Nineteenth century breads often called for “a teacup of yeast,” a huge amount compared to today’s recipes. Victorian-era housekeepers (e.g. wives) made their yeast. And continued to whip up fresh batches of yeast (with a touch of the last batch as a starter) well after commercially prepared yeast waited on grocer’s shelves.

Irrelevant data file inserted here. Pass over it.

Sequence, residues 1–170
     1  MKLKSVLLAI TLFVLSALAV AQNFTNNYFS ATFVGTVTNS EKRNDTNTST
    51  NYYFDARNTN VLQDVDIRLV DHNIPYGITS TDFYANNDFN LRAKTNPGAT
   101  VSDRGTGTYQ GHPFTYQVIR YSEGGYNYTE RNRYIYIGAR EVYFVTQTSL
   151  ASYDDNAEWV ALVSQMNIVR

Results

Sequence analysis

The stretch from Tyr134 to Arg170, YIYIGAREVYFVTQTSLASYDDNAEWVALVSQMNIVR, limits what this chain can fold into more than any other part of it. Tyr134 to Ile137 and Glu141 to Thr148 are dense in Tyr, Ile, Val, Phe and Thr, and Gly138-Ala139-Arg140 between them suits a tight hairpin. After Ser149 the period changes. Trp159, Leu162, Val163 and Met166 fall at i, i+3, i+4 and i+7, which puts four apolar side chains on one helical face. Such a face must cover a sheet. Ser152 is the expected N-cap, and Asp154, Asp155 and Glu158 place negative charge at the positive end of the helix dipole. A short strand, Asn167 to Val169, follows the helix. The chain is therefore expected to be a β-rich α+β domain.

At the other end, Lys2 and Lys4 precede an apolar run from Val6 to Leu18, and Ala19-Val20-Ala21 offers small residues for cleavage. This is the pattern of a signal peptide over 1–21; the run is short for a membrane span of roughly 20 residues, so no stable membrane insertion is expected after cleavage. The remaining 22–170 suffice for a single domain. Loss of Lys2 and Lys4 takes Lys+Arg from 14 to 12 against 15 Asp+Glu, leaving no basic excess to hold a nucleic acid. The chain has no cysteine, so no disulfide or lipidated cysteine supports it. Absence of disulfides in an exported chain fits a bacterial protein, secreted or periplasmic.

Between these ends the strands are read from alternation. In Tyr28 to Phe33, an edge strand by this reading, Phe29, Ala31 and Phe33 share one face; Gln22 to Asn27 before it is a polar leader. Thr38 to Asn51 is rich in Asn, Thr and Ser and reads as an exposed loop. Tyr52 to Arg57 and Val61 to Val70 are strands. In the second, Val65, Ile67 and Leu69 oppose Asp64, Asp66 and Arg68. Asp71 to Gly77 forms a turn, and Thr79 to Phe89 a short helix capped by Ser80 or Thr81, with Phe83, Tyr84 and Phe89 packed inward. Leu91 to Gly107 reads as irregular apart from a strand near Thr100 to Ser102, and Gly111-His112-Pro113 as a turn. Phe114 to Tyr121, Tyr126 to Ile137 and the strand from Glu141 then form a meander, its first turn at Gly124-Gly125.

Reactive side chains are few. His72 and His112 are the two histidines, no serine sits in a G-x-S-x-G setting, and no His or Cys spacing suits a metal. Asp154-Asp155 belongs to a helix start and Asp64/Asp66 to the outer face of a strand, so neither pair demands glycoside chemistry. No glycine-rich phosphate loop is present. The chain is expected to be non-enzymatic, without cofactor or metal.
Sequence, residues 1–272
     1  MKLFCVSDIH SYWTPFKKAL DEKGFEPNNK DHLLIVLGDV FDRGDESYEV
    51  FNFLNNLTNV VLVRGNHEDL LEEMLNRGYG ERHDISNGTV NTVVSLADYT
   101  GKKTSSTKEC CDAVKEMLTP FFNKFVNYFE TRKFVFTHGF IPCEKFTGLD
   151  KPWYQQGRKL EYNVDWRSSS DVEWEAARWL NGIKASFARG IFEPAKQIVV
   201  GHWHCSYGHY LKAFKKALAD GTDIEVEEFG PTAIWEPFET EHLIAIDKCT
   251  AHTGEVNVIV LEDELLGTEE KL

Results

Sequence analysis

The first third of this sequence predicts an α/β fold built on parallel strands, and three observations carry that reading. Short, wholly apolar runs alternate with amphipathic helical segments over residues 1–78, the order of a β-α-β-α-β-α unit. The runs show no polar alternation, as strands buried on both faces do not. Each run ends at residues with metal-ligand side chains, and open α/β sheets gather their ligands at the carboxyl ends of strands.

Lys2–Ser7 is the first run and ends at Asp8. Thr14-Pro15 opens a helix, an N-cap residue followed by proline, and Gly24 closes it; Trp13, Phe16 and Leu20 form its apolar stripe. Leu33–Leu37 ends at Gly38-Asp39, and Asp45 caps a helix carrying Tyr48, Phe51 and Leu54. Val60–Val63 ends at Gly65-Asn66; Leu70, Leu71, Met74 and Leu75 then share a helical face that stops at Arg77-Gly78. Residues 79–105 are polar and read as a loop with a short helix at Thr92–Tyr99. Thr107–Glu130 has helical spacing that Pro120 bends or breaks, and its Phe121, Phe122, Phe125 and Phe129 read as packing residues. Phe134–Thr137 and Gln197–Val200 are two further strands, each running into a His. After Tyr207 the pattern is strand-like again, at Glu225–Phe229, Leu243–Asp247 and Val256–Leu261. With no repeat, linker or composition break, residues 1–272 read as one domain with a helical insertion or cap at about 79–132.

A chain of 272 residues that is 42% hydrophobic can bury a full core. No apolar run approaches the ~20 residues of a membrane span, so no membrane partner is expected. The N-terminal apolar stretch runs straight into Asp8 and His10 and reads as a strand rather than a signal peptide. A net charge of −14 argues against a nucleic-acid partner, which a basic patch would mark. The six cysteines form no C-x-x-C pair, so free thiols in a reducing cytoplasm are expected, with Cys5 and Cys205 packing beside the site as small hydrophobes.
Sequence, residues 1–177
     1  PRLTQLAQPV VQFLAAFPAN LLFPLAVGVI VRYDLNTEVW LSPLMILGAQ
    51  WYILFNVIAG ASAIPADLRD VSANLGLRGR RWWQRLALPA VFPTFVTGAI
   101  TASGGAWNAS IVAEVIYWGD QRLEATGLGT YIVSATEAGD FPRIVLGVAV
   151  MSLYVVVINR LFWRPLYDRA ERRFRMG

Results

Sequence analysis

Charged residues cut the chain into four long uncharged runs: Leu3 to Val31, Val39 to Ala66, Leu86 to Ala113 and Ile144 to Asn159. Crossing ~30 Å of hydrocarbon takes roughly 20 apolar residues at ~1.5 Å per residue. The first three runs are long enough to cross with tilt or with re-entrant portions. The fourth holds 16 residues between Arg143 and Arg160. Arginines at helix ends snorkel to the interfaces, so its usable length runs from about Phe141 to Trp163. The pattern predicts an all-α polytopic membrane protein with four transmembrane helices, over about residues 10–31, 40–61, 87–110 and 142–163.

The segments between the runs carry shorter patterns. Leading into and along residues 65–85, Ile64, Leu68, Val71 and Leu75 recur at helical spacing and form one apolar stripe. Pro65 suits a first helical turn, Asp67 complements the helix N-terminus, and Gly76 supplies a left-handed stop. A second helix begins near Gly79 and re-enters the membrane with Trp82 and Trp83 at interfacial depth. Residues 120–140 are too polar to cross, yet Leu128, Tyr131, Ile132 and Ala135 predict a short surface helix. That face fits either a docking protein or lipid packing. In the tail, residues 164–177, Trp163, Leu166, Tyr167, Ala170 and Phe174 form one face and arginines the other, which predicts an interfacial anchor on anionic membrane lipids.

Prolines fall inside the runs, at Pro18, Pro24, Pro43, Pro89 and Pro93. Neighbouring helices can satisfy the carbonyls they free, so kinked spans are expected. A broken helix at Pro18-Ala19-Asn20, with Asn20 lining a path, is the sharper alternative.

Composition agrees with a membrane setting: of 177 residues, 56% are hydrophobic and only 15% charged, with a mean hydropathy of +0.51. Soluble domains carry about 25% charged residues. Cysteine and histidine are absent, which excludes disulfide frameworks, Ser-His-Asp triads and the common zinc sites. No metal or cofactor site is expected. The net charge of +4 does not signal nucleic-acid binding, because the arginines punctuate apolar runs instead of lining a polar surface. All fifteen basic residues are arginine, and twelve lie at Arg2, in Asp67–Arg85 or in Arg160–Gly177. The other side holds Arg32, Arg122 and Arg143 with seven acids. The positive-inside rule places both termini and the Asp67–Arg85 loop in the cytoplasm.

At the Centennial Exhibition in Philadelphia, Pennsylvania, Charles Louis Fleishmann offered pieces of freshly baked bread made with the world’s very first commercially prepared yeast from an exhibit modeled after a Vienna Bakery. An increase demand for Fleischmann’s yeast soon followed,Â bringing about the building of Fleischmann plants in New York. In this article, I share five key concepts about 19th century bread baking that stood out as surprising key concepts–and I’m a bread baker…so finding myself caught off guard by such research was really something.